Current LED light sources, as expensive as they are, also have problems with narrow, discontinuous bands. Until this technology is improved in this area, LED lights should be avoided, too.

Miniature incandescent sources (like the  GU10 bulbs I mentioned previously) can be used in a vast array of lamp types and configurations. Your local home improvement center is generally a great place to find these fixtures. They are available in multiple-lamp track configurations, single ceiling mount fixtures, or even in table-top lamps. The main thing is to make sure that you have enough light on the subject. If it turns out that you install lighting and then think you might not have enough, you can always add more fixtures. Most of these fixtures are fairly simple to install by most home owners.

Various GU10 Spot Lighting Fixtures in Track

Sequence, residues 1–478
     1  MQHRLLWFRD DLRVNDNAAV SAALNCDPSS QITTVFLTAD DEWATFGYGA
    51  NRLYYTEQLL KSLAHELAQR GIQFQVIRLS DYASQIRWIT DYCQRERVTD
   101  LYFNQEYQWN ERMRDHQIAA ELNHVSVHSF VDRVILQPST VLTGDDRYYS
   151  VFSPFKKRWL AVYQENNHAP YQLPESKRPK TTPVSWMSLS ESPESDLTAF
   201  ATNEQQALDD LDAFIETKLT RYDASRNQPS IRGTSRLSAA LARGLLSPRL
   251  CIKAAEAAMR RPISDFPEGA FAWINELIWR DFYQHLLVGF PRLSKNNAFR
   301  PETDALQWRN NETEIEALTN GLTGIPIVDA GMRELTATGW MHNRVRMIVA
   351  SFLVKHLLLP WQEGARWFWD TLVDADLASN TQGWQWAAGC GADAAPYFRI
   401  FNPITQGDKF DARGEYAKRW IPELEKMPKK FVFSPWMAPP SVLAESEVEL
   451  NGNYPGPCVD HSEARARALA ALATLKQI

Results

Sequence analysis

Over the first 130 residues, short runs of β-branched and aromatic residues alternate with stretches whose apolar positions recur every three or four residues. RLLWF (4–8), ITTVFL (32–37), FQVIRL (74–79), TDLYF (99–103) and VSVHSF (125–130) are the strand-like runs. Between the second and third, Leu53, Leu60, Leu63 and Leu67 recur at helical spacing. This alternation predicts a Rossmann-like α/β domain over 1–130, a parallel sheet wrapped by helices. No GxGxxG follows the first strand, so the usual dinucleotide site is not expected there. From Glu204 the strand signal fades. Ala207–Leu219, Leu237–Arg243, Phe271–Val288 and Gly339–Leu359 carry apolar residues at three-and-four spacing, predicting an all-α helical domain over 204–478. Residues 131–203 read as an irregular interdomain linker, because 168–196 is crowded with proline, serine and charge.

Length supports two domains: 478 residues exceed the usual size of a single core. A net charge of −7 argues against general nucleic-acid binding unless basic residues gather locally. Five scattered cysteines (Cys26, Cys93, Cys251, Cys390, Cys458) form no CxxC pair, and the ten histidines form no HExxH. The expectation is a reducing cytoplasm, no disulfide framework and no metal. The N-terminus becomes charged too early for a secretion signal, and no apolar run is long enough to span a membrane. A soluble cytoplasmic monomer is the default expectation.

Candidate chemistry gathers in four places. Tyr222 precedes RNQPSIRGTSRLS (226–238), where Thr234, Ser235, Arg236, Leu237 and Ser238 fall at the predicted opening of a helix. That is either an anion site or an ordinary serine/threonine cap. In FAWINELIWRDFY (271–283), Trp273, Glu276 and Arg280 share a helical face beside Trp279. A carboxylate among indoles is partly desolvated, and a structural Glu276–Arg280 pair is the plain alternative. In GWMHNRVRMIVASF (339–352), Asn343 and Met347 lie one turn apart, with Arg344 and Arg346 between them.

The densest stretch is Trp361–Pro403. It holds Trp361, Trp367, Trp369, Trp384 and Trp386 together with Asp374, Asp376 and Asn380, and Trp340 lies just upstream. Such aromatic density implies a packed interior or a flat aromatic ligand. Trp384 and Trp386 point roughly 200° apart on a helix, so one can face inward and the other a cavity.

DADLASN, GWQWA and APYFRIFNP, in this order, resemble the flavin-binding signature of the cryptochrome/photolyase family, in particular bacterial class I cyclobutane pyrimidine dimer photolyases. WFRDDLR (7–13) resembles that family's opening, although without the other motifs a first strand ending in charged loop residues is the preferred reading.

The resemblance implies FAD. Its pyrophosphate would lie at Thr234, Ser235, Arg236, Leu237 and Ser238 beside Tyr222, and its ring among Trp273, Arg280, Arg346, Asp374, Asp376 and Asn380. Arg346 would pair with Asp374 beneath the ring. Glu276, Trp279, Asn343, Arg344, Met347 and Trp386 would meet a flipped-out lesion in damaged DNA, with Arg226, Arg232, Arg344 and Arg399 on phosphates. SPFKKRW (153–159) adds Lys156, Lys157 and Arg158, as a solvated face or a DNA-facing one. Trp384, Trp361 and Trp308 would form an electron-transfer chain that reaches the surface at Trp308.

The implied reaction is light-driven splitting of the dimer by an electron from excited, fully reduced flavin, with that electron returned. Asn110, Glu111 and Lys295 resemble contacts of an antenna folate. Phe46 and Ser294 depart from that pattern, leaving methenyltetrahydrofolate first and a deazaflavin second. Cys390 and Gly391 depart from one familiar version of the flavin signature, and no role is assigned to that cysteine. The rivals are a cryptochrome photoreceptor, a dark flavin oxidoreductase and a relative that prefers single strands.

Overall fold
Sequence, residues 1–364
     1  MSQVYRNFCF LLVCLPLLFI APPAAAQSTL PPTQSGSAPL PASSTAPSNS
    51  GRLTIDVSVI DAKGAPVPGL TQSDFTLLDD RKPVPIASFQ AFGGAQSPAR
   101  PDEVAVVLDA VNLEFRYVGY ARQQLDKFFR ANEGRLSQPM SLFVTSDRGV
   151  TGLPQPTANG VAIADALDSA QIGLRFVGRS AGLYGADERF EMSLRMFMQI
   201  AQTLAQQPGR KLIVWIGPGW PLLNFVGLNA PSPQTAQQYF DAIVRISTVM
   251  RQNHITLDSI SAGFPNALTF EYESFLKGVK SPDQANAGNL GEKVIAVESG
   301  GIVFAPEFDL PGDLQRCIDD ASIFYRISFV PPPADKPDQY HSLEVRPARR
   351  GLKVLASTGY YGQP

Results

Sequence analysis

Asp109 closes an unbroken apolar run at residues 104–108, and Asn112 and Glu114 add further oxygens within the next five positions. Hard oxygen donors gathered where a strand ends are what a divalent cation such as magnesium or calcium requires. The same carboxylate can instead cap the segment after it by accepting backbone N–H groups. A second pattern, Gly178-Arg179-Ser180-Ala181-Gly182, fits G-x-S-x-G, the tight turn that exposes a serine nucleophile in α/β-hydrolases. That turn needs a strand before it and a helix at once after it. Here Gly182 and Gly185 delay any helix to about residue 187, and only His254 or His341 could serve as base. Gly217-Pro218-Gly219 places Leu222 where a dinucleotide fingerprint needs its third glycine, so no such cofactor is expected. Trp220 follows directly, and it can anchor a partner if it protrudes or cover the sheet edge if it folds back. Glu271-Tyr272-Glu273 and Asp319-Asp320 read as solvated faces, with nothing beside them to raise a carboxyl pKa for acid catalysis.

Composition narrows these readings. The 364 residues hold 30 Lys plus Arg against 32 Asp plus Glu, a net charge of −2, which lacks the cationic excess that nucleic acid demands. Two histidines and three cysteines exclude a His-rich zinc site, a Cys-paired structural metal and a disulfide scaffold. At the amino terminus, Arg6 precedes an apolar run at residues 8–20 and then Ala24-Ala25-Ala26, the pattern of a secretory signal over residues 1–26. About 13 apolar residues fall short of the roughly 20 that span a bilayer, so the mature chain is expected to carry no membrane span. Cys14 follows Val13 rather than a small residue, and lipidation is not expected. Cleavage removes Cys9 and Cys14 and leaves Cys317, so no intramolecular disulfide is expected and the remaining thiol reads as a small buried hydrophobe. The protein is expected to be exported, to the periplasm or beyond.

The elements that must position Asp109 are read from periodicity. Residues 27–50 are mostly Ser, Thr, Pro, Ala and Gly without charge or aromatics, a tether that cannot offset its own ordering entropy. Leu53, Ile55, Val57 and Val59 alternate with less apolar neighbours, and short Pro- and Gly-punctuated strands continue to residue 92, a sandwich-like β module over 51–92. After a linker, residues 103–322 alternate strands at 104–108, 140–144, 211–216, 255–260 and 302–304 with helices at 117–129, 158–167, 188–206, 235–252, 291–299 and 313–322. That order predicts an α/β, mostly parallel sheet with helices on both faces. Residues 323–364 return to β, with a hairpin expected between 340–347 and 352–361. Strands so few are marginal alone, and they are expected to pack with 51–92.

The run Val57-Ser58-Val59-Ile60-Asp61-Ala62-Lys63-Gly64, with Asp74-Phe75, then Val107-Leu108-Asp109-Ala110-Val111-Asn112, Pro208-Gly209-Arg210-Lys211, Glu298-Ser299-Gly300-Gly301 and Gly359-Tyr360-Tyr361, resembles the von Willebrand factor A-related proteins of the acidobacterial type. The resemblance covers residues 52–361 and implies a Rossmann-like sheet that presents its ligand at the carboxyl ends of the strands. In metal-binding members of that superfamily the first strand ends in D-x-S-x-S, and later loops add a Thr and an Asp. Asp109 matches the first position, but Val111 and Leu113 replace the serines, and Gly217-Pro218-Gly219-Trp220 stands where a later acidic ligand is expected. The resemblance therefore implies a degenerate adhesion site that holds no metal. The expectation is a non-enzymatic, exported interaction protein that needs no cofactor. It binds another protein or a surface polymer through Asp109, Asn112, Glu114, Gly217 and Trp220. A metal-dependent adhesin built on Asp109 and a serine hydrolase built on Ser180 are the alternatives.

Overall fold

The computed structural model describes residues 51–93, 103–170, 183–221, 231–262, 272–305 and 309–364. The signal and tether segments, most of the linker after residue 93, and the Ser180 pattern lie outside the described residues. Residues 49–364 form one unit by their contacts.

The only caveat in mounting these lamps is that you don't place them so close to the art that they significantly heat it up. To find out if you have placed your lighting too close to the art, place the back of your hand immediately in front of the illuminated art at its closest point to the lighting. You should NOT be able to perceive any heating of the back of your hand, due to the lamp. If you have the slightest sensation of heating of your hand, either move the art slightly away from the lighting, or move the lighting farther from the art. Generally, a single 50 watt  GU10 type halogen bulb should be no closer than about two feet from the closest point of the art.

Your art is "a terrible thing to waste." Give it the light that it's due. As an optical engineer who I worked with for many years was fond of saying: "You can't violate the 'Maier Principle,' which, in short, states– 'if you ain't got enough photons, you ain't gonna see it!'

Friday, February 17, 2012

Revealing the Power of Art With Light (part 1)